Wednesday, December 26, 2007


This is one of the two non-religious holidays that are celebrated today.

Kwanzaa (or Kwaanza) is a week-long festival observed from 12/26 to 1/1 each year, primarily in the U.S. It honors African American heritage. It was created by Dr. Ron Karenga, a scholor and social activist, in 1966.

Dr. Karenga calls Kwanzaa the African American branch of "first fruits" celebrations of classical African cultures. The name Kwanzaa derives from the Swahili phrase "matunda ya kwanza", meaning "first fruits". Kwanzaa was established as a means to help African Americans reconnect with their African cultural and historical heritage by uniting in meditation and study of "African traditions" and "common humanist principles."

Kwanzaa celebrates Seven Principles (Nguzo Saba) which comprise Kawaida, a Swahili term for tradition and reason. Each of the seven days of Kwanzaa is dedicated to one of the principles:

  1. Umoja (Unity) To strive for and to maintain unity in the family, community, nation and race.

  2. Kujichagulia (Self-Determination) To define ourselves, name ourselves, create for ourselves and speak for ourselves.

  3. Ujima (Collective Work and Responsibility) To build and maintain our community together and make our brothers' and sisters' problems our problems and to solve them together.

  4. Ujamaa (Cooperative Economics) To build and maintain our own stores, shops and other businesses and to profit from them together.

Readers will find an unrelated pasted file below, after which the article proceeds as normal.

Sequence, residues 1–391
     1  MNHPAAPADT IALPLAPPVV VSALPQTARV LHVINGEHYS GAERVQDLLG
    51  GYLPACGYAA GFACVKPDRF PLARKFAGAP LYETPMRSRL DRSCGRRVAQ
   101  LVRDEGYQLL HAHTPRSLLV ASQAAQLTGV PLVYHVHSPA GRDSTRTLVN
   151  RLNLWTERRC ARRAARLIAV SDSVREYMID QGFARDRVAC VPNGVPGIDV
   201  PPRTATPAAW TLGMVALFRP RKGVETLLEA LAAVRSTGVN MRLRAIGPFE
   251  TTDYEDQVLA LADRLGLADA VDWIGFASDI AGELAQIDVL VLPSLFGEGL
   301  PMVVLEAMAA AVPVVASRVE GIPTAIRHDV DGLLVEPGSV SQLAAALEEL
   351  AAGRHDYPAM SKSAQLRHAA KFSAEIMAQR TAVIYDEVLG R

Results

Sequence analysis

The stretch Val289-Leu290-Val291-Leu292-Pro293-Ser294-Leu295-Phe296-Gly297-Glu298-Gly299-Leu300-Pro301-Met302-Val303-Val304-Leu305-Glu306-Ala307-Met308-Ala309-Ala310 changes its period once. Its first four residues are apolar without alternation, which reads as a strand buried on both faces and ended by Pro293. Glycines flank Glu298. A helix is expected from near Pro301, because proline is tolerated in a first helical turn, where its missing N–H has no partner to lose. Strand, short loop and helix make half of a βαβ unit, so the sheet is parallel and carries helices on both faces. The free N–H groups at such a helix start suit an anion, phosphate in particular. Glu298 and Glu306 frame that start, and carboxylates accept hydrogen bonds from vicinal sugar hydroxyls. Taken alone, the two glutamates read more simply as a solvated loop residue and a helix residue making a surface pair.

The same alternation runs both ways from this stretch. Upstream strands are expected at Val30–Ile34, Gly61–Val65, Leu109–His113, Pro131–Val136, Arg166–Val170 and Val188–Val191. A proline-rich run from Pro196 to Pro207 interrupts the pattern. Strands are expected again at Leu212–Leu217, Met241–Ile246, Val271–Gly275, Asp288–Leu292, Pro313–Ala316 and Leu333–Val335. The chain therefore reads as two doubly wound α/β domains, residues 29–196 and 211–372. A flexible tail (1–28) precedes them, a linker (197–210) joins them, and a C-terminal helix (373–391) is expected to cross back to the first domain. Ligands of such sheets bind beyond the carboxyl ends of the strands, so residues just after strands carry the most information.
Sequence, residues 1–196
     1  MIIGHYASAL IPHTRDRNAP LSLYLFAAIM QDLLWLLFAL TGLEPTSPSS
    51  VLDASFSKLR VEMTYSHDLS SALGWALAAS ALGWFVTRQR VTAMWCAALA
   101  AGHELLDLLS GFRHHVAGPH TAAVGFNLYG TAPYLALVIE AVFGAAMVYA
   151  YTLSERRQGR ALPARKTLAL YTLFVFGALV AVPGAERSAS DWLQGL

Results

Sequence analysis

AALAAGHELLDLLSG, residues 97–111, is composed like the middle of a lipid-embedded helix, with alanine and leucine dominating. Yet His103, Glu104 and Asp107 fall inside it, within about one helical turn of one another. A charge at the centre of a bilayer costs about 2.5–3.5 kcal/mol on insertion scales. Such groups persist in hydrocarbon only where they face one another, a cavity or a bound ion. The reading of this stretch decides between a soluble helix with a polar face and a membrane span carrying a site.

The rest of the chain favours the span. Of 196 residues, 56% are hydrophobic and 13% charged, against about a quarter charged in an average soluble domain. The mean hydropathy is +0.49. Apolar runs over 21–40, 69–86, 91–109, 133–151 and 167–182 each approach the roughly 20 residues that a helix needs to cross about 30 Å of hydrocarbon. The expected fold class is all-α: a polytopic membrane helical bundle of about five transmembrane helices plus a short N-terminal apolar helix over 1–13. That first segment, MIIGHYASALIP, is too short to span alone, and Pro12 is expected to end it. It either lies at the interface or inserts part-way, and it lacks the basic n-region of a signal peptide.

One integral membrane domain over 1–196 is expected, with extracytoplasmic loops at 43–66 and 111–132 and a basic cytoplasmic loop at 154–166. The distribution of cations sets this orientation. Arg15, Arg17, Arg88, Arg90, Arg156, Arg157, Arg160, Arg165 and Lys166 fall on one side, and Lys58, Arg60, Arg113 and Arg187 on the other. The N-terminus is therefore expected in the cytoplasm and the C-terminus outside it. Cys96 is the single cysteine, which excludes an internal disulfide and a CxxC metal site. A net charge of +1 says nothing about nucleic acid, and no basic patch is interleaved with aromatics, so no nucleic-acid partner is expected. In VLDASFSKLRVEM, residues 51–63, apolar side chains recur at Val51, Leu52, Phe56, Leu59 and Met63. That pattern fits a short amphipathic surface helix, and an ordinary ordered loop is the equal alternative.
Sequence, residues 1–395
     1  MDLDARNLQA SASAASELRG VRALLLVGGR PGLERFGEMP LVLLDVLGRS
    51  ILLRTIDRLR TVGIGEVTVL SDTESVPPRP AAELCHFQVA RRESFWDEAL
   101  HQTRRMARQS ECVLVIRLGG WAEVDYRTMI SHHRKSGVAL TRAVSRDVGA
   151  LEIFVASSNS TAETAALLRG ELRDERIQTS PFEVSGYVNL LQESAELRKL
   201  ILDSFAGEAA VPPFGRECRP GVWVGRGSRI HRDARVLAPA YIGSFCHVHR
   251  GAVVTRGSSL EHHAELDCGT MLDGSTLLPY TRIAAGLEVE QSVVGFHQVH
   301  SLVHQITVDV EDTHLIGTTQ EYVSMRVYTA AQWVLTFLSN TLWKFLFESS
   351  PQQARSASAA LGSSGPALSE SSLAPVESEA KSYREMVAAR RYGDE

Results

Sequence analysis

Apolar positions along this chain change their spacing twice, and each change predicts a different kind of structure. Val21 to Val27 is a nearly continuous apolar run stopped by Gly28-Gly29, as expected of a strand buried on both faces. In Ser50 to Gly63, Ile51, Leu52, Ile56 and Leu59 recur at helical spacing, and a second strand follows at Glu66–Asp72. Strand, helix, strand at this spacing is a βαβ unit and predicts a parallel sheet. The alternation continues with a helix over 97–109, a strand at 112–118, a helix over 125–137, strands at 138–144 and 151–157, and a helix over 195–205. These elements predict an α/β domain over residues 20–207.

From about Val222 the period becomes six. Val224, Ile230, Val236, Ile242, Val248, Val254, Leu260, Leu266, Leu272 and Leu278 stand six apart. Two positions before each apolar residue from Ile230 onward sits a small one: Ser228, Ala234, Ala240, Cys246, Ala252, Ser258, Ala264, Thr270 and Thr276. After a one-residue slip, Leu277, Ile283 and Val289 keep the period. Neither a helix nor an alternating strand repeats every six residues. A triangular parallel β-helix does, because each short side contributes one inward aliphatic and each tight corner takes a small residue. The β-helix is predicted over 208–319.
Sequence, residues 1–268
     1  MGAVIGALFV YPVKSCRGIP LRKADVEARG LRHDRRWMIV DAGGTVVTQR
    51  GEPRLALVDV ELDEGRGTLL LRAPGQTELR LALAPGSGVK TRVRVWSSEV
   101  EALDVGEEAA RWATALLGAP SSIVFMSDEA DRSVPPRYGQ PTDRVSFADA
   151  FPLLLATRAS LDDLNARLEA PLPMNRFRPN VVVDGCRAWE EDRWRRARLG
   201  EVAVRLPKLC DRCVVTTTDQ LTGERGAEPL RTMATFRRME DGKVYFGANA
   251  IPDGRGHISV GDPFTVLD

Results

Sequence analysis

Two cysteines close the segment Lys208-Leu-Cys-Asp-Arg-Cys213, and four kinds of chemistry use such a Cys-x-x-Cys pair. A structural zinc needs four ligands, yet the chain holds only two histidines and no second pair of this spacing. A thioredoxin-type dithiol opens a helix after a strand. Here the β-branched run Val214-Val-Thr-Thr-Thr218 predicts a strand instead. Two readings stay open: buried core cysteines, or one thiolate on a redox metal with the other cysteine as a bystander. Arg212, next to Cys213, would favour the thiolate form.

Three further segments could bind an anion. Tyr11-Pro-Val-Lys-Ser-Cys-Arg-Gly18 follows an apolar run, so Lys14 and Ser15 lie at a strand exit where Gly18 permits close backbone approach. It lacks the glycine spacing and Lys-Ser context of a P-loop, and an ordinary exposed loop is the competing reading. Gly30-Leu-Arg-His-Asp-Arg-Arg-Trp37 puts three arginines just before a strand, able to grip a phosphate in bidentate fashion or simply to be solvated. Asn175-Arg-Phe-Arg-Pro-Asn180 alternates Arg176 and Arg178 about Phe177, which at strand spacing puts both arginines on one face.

5. Nia (Purpose) To make our collective vocation the building and developing of our community in order to restore our people to their traditional greatness.

  6. Kuumba (Creativity) To do always as much as we can, in the way we can, in order to leave our community more beautiful and beneficial than we inherited it.

  7. Imani (Faith) To believe with all our heart in our people, our parents, our teachers, our leaders and the righteousness and victory of our struggle.

Families celebrating Kwanzaa decorate their households with objects of art, colorful African cloth and fresh fruits that represent African idealism. It is customary to include children in ceremonies and give respect and gratitude to ancestors. A ceremony may include drumming, music, libations (generally shared with a common chalice), readings, candle lighting, performance, discussion of the principle of the day or a chapter in African history, and a feast (Karamu).



No comments:

Post a Comment